In workforce development, for example, we knew that single women with children were the ones who experienced the most traumatic, effective job blast. So really targeting our efforts towards them with employment programs that we would be supporting. We also created new initiatives countywide with some of our partners – Chicanos Por La Causa, the YWCA – partners who are really deep in communities to create a new initiative called Pathways to Economic Opportunity to help to create new internships, externships, apprenticeships or mentorships for young black and Latino women who we know have not necessarily had much access to those types of opportunities as other communities.
One of the first things that we did was mobilize armies of partners to help to reach the goals in each one of the areas of education. Again, health, housing and homelessness and workforce development, including non-profit organizations, schools, civic leaders, corporate leaders, to come together and first, get to know each other. Some didn’t know each other.
Secondly, to talk about what are maybe some gaps that we didn’t identify, to begin with that needed to be addressed. What are some new solutions that we can come up with? This next year, now that we really know the true baselines, we hope to collectively develop an action plan for reaching those goals in each of those areas as we move into year two.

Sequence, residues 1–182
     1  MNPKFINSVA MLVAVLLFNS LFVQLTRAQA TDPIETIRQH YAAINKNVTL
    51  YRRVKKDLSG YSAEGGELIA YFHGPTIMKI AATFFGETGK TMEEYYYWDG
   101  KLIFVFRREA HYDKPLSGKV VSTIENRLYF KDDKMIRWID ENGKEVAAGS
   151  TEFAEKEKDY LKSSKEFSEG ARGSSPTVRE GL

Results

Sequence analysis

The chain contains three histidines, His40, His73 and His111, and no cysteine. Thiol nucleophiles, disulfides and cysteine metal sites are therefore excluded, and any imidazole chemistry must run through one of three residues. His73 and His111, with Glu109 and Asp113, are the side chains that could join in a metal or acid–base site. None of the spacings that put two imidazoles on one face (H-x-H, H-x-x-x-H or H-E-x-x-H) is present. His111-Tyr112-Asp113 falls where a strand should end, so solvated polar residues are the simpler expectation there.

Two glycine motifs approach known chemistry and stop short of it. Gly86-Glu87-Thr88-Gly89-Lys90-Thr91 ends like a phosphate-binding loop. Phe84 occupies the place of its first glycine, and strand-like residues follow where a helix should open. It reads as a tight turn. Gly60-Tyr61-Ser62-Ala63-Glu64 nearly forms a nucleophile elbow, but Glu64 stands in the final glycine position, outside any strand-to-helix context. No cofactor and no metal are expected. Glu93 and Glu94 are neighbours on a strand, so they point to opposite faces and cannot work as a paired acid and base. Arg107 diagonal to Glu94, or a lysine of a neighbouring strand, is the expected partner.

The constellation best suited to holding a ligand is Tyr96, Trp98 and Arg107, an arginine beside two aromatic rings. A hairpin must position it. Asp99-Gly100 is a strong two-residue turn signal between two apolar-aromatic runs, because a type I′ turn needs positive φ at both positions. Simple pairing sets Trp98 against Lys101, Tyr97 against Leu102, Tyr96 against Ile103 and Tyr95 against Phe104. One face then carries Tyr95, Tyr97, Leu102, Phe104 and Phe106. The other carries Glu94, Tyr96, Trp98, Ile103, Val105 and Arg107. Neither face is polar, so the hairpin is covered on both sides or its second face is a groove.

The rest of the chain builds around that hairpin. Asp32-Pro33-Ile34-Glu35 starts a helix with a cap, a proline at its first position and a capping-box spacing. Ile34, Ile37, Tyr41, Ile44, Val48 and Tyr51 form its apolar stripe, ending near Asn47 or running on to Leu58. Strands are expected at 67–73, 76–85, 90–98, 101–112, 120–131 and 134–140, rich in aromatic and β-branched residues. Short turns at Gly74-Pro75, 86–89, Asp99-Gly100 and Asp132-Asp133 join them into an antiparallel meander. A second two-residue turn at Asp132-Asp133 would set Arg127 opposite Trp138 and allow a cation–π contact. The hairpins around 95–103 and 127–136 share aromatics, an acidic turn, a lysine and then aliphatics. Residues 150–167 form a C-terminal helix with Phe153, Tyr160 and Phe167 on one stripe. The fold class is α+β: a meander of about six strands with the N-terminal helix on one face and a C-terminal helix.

We’ve also really supported our non-profits with capacity building over this past year, especially over these past few months. Many nonprofit organizations are no strangers to the great resignation. They have new people on their teams. They need to train new people to engage leadership, write grants, that type of thing. Then [we] bring the corporate sector into the mix to really understand the needs to be a part of those coalitions and to actually engage with us to reach those five-year goals.
Join the coalitions that I mentioned. We have lots of opportunities to get involved and engage. We have volunteer opportunities. We’ve relaunched those in person and virtually aligned with meeting each one of those goals. Corporations don’t exist in a vacuum. We’re here to help to serve corporations, to meet their CSR objectives, [and] educate them to own what’s going on in the community and how they can connect without them having to do the work themselves.